Home Figure Skating News Chock and Bates repeat as US Champions

Chock and Bates repeat as US Champions

by Ted Flett
Getty Images

Madison Chock and Evan Bates

Madison Chock and Evan Bates perform their Free Dance at the 2023 Toyota U.S. Figure Skating Championships.

2023 Toyota U.S. Figure Skating Championships
Ice Dance

Continuing their steady climb of point-earning performances this season, Madison Chock and Evan Bates secured their fourth U.S. National Championship and first back-to-back titles, in San Jose on Saturday. Caroline Green and Michael Parsons won the silver medal and Christina Carreira and Anthony Ponomarenko squeaked out the bronze. Kaitlin Hawayek and Jean-Luc Baker did not compete in San Jose due to injury.

Chock and Bates commenced their modern and stylistic free dance in which Chock evoked fire and Evan represented air with choreographic assisted jumps that floated. Element by element, the duo mesmerized the judges, winning a perfect 10 for presentation. Highlights of the routine, which has evolved over the season, included a dramatic level-four straight line lift on a diagonal pattern across the ice partway through the performance. The two-time World bronze medalists also received a level four for their diagonal step sequence, twizzles, dance lift, and curve lifts. The veterans earned 137.85 in the free dance for a total score of 229.75, both of which were records in national ice dance.

“It’s always an incredible honor to be able to perform the U.S. championships, and this year was no different,” Chock said. “Evan and I have made some of the fondest memories of our career at this event, and this one is definitely atop that list as well. And, we had a wonderful time performing to the audience today. We’re so grateful.”

The team remains laser-focused on winning their first world championship after the spectacular finish in San Jose.

“I believe that we are right on track and exactly where we need to be to accomplish our goals,” Chock said. “We have a good amount of time before the World Championships to go back home and get a lot more great work under our belts.”

Specifically, the Olympians are pleased with the state of their free dance which has changed over the season.

“From the beginning of the season up until now, we’ve really been working to evolve our program,” Chock said. “And with that came the development of the story. We’re very happy with the way that the program has developed since the beginning of the season, and it has found its groove. Like Evan said earlier, we’ve let the program speak to us and we’ve evolved with it.”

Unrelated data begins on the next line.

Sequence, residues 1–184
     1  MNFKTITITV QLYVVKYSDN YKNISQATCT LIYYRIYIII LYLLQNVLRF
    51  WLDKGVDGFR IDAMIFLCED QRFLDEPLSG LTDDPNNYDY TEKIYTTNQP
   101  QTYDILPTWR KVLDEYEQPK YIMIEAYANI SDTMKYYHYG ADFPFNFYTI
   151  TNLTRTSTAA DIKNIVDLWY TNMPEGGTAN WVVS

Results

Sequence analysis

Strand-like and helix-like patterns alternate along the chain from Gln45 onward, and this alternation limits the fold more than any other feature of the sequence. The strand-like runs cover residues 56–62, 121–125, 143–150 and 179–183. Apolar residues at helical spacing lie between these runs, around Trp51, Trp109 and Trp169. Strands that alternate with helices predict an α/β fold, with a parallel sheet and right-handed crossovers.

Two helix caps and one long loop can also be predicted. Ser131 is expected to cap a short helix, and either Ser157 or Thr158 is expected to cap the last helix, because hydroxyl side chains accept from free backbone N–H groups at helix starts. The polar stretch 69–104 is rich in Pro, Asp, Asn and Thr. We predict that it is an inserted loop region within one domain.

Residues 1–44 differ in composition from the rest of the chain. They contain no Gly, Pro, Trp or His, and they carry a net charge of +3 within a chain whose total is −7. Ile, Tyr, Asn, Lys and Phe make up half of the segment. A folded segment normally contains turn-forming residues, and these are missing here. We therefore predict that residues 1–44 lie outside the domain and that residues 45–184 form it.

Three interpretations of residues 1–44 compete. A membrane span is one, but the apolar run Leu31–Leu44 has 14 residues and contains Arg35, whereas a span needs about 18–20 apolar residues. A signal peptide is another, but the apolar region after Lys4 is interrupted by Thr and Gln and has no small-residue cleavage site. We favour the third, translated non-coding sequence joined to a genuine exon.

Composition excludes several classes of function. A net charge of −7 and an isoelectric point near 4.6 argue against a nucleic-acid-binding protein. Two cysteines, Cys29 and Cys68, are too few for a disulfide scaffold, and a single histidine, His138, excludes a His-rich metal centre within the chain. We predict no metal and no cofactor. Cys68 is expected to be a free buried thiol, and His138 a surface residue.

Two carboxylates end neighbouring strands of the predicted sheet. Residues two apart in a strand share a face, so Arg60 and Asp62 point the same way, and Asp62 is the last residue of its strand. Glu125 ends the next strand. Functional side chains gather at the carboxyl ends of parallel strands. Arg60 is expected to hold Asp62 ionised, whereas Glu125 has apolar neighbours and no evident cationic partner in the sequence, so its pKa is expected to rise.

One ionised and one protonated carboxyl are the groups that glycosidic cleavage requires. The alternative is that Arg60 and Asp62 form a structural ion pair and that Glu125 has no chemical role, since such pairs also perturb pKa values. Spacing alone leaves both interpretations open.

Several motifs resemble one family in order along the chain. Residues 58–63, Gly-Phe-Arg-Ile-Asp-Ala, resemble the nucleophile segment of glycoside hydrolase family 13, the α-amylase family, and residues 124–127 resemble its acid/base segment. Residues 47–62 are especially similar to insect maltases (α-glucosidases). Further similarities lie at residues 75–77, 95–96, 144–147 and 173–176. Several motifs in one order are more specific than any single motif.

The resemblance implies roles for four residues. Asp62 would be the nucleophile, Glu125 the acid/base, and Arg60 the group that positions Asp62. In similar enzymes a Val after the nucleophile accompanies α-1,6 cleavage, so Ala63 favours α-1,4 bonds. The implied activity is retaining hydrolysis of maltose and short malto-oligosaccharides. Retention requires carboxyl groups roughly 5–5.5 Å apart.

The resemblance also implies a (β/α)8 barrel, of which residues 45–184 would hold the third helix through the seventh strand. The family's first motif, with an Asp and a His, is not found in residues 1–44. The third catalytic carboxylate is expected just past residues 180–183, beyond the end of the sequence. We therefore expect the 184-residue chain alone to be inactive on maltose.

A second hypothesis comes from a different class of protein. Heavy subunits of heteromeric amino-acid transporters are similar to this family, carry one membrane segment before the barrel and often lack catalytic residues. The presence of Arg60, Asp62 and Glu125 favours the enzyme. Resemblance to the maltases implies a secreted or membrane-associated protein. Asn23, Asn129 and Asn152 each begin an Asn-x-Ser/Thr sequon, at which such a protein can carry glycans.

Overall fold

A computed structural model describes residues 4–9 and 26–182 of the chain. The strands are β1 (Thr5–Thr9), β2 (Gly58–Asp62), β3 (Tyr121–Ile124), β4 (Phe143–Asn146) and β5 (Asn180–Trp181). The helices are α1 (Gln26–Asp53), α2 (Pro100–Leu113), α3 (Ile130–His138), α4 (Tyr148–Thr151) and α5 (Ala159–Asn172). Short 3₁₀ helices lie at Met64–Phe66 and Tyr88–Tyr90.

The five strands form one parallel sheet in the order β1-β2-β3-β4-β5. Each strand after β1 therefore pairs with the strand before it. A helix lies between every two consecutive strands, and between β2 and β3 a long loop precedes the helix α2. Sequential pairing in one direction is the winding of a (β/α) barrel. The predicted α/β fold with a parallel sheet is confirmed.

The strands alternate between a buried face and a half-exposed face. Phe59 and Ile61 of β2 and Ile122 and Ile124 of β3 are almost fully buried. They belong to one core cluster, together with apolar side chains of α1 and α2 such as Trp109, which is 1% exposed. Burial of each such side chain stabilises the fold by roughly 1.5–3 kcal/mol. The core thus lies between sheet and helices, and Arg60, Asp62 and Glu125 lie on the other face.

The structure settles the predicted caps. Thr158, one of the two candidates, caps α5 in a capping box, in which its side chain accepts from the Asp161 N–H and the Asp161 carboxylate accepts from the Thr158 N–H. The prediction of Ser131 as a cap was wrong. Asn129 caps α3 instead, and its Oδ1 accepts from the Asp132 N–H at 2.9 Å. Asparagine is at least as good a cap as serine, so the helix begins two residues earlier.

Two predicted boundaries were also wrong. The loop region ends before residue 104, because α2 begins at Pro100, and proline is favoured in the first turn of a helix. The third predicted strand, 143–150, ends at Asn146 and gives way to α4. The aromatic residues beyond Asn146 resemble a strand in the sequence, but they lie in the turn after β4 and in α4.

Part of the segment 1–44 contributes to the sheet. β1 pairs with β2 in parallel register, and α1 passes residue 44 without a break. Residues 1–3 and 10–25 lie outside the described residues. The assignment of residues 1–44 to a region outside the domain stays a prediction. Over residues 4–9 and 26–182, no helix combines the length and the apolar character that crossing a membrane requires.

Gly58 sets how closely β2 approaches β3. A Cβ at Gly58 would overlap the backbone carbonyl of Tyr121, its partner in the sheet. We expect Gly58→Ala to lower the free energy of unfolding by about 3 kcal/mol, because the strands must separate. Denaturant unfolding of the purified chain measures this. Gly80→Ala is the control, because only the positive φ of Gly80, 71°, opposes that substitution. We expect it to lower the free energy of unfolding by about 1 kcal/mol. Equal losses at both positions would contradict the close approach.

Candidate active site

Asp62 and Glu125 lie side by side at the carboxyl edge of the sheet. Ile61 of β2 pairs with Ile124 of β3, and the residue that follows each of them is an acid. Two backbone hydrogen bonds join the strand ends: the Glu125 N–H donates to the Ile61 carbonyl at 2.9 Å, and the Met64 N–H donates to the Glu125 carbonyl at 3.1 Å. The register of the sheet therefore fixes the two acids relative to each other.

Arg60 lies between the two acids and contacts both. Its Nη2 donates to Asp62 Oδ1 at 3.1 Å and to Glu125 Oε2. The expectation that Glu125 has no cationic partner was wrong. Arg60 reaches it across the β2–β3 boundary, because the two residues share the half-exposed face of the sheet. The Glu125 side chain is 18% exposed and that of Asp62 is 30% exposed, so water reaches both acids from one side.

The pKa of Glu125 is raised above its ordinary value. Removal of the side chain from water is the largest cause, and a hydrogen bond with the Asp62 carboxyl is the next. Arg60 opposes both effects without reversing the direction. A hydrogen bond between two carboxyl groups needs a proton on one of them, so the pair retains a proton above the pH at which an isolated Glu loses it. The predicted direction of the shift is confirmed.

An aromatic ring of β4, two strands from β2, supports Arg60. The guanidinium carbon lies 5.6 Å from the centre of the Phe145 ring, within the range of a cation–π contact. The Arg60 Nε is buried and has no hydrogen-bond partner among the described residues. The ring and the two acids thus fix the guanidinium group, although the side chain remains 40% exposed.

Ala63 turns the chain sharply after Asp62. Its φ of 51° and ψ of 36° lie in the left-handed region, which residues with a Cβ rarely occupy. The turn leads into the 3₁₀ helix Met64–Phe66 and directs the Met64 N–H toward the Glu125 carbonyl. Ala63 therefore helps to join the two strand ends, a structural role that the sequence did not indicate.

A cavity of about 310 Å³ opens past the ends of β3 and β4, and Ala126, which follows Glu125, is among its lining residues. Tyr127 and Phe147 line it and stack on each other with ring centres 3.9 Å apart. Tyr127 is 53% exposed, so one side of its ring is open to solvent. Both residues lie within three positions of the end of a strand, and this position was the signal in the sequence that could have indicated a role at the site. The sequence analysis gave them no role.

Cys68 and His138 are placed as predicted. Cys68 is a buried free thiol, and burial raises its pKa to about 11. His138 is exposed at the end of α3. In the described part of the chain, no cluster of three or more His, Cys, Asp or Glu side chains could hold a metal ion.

Chock and Bates started the week in convincing fashion, scoring a hefty 91.90, just .04 points off their national personal best in 2022, with their David Bowie rhythm dance packed with three level four elements.

Green and Parsons charmed the audience with their “Rhapsody in Blue” free dance which earned 126.06 points. The judges awarded level fours to all three lifts, twizzles and dance spin. The 2022 Four Continents Champions, who were ecstatic with their week, earned a total of 207.46 points.

“I think every national championship is very significant to set the routine,” Parsons said. “This one was especially significant to us just for how we’ve been approaching the season and how we’ve wanted to redirect ourselves. And I don’t think we could have put a better skate out today. I’m so happy with the work that we’ve put in the past few months with our new coaches. I couldn’t be more honored and couldn’t be happier to be here.”

Carreira and Ponomarenko rebounded from a surprising result in the rhythm dance in which they placed fourth. The 2022 Four Continents bronze medalists moved up a spot overall with their sultry free dance to music from the Backbone soundtrack, choreographed by Madison Hubbell. The powerful team opened their Louis Armstrong and Ella Fitzgerald “Summertime” routine with an impressive curve lift across center ice in which Carreira was in a handstand position. The team, coached by Scott Moir in London, Ont., received a level four on their curve lift, rotational lift, and twizzles from the judges.

“We’re really happy with the results,” Carreira said. “We’re mostly happy with how we skated today. That’s closer to what we’ve been doing at home and practice. And it’s a big step up from what we did [in the rhythm dance]. So, we’re happy we could do a solid program.”

“Still lots of room for improvement, but to go out there and skate and to end in the position that we are in now, it’s an honor,” Ponomarenko added. “We’ve put in a lot of work, a lot of time and trust in the process.”

Emilea Zingas and Vadym Kolesnik, the competition’s surprise pewter medalists (and near-bronze medalists), made a splash in San Jose that is uncharacteristic in ice dance. With a compelling free skate to music by Philip Glass, the newly-formed team managed four level-four elements, including the twizzle sequence. They earned 119.95 in the free dance to finish with 198.13 points in total.

“This week has been really surreal for me to be honest,” Zingas said. “I feel extremely honored to be here and to sit next to those people that we sat next to in the press conference yesterday. I was just floored by the whole experience and it’s just been a lot of learning. But overall, I’m just really grateful to be here.”

“She’s pretty talented,” Kolesnik added. “I work hard. So, I think we’ve got a match. Our coaches did a great job. They really pushed our programs to the maximum.”

Emily Bratti and Ian Somerville placed fifth overall (189.84), just ahead of Lorraine McNamara and Anton Spiridonov (189.15).

Related Info:

Related Articles

Founded in 1999, Golden Skate provides resources for the sport of figure skating worldwide. This includes interviews, features, videos, club listings, a discussion board and more.

You cannot copy content of this page